Susan Hall and Harold Malion don’t measure their commitment to UNC Lineberger in dollars and cents, but rather by the potential for good that they believe research can do and what they see in the future for cancer patients at the North Carolina Cancer Hospital, the clinical home of UNC Lineberger.
Hall of St. Pauls, North Carolina, and Malion of Fairmont, North Carolina are cousins, born and raised in the state, and it’s important to both that they support their fellow North Carolinians and the challenges imposed by a cancer diagnosis.
“I’m impressed by our cancer research in North Carolina, and it’s just outstanding for our state and for the country. I like to support local,” Hall, 72, said. “What I give is not but a little bit; it’s not a great amount, but any little piece can be part of a big piece. That’s what I do. I want to be part of helping someone else.”
Malion, 76, a graduate of the UNC Eshelman School of Pharmacy, comes from a long line of health care workers, and as a pharmacist, he often saw first-hand the benefits of research on people’s health. “Any little bit of help that you can give to enhance the research and keep it going is important,” he said. “The more you give, eventually something will benefit from what you give.”
Malion gives to the School of Pharmacy and to UNC Lineberger, and with Hall, now supports the Urologic Oncology Fund for Excellence and the work of UNC Lineberger’s Angela Smith, MD, MS.
“What I give is not but a little bit; it’s not a great amount, but any little piece can be part of a big piece. That’s what I do. I want to be part of helping someone else.”
Supporting urologic oncology research
Hall said she wants to support Smith, and that her work has really impressed her. “I have known Dr. Smith for several years, and her research is brilliant,” Hall said. “She’s a tremendous asset, not only to us in North Carolina, but anywhere in the world. We’re lucky to have doctors like her here.”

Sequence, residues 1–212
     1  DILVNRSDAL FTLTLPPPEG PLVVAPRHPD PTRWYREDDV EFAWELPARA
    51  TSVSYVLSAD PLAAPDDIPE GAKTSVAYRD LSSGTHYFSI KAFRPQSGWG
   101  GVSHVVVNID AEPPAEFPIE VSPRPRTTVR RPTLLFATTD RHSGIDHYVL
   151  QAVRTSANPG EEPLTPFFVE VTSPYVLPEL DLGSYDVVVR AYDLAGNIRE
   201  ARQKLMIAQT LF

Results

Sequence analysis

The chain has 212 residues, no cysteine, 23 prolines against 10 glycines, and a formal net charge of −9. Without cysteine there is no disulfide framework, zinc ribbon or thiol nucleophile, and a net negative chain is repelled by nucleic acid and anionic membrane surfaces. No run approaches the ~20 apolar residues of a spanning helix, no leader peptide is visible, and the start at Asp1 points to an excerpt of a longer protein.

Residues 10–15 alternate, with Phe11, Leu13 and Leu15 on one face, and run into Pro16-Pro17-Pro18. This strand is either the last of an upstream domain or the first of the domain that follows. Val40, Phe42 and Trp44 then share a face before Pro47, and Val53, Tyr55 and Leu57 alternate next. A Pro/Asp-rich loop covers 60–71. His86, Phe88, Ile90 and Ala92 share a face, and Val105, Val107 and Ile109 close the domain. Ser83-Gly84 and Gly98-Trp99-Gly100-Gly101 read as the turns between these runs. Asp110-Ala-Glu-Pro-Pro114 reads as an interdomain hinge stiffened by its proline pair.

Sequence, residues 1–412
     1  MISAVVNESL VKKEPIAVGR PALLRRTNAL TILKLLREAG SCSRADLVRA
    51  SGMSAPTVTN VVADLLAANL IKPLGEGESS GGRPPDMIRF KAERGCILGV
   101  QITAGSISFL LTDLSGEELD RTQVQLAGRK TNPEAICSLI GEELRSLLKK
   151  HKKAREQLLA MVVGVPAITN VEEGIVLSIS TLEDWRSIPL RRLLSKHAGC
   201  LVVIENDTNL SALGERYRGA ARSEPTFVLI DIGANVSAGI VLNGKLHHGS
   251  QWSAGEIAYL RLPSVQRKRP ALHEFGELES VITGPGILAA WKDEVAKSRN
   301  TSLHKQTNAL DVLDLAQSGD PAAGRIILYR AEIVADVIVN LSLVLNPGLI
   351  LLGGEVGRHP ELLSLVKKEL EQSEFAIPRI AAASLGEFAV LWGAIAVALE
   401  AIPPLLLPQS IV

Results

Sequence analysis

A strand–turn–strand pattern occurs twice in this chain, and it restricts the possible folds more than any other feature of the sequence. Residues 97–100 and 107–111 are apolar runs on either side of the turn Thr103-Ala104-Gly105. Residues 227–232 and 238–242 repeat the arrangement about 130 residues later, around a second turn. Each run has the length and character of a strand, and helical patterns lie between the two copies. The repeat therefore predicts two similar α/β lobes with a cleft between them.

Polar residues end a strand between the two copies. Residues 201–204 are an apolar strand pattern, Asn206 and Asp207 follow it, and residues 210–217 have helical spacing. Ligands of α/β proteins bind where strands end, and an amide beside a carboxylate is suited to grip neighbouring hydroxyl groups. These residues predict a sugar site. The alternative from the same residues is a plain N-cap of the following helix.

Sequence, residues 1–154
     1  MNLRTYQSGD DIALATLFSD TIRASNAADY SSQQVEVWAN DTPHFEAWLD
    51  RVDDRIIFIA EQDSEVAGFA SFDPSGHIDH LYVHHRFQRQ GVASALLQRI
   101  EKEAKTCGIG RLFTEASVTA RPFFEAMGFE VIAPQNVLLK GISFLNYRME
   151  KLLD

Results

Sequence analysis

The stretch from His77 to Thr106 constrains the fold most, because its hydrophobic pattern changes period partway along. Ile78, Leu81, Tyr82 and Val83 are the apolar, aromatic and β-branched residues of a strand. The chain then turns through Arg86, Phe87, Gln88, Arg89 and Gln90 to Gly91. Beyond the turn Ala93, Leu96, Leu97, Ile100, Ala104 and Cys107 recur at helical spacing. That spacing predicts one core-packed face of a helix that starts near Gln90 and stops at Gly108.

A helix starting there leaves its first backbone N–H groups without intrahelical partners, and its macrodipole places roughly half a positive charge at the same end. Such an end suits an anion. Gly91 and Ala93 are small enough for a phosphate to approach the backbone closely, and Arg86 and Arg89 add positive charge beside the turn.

“I’ve been impressed by all the different aspects of treatment in urological cancers,” Malion said. “The research is exciting, and as long as they can do that research and continue to make improvements in cancer treatment, I think it’s a worthwhile cause.”
Malion said he knows that grant funding doesn’t often fill all the needs researchers have, and he wants to help fill in those blanks. “There’s never enough funding to go around,” he said. “And cancer is one thing that’s been around forever, and there are some cures, but there’s still room for more improvements. [Smith] has achieved some tremendous goals, and I want to support that.”
Hall and Malion said their families were always there to lend a hand to someone in need while they were growing up, and they hope that their children and grandchildren see the example they’ve set and follow in those same footsteps.
“My parents have always said ‘we need to respect everything and look out for situations.’ Helping others was a normal thing that they did. I’m really proud of them for doing that ahead of their time. That’s what they taught me to do,” Hall said.
Malion said his college-age grandson might go into research, something that makes him proud. “Giving is a priority for us, and I hope my children will continue what we’ve set up, and I think they will. We’re fortunate to be able to give something, that’s what’s important,” he said.
Hall and Malion said they are lucky and fortunate to have such top-notch care and advanced research at UNC Lineberger, and they hope others follow their lead and consider supporting the cause.
“If you feel like you can give, and it’s the right thing to give to, give what you can,” Malion said. “Even if it’s just a dollar, it counts. Give from your heart, and hope it can make a difference.”